In the write-up (“With faint chirp, scientists prove Einstein correct”, p. A1, 2/12/16) we study that black holes were part of Einstein’s theory. The reality is quite different. “Einstein argued vigorously against black holes [as] incompatible with reality” (see “Black Holes” by R. Anderson) and his rivals held back their acceptance for many years.
Einstein was also mistaken when he rejected Quantum Field Theory. According to his biographer A. Pais,” QFT was repugnant to him”. This is ironic because QFT, and only QFT, reveals and resolves the paradoxes of Relativity and Quantum Mechanics that most people struggle with (see “Fields of Color: The theory that escaped Einstein” by this writer).
Quite possibly the most significant irony is the statement, “according to Einstein’s theory, gravity is caused by objects warping space and time”. While that is what everybody accepts today, the truth is that Einstein recognized gravity as a force field, similar to electromagnetic fields, except that it is produced by mass, not charge. That an oscillating mass generates gravitational waves is no more incomprehensible or unexpected than that electromagnetic waves are produced when electrons move back and forth in an antenna. To Einstein, curvature was actually a consequential result, similar to the changes in space and time produced by motion according to his Special theory of Relativity.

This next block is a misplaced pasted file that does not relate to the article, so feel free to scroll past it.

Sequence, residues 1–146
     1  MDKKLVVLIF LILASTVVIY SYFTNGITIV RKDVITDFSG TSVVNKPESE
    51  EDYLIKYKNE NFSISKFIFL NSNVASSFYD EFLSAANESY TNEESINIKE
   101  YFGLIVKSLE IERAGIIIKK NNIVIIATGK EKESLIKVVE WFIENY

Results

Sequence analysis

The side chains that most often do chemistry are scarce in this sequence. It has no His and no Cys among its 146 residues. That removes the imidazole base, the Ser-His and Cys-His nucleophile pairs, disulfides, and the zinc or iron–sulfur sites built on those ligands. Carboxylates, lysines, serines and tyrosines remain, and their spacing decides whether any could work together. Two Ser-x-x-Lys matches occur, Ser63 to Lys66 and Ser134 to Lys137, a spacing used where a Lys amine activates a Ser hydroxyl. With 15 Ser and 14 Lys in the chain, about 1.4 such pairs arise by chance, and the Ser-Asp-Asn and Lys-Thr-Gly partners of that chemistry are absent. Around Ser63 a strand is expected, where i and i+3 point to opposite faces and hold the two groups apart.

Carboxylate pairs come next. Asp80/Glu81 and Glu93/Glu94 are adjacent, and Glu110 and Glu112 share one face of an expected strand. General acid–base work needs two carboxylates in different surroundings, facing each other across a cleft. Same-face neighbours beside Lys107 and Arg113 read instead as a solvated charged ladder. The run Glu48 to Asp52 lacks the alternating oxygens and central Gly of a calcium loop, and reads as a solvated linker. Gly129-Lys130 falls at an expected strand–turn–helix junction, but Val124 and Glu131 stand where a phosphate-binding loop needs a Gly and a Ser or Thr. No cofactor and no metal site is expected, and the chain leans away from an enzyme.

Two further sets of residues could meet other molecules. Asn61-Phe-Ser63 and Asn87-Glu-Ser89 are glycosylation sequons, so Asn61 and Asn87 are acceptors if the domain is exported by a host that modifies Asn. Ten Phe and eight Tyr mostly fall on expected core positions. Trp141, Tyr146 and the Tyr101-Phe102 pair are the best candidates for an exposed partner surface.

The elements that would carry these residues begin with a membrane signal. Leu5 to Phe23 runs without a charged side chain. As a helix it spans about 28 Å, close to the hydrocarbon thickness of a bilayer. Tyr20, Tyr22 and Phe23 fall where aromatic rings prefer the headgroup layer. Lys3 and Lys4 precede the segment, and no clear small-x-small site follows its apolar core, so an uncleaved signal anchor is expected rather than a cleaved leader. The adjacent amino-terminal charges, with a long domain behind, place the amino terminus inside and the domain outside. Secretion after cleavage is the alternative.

Black holes. Contrary to many studies, black holes were actually not part of Einstein’s supposition. In fact Einstein argued strongly against black holes [as] incompatible with reality, and his opposition held back their approval for many years.
Synopsis. Gravitational waves are easy to understand if you accept gravity as a force field, similar to the electromagnetic field (QFT). And while the contraction effect is more subtle, it is not that much different from the F-L contraction that has been accepted for over a hundred years.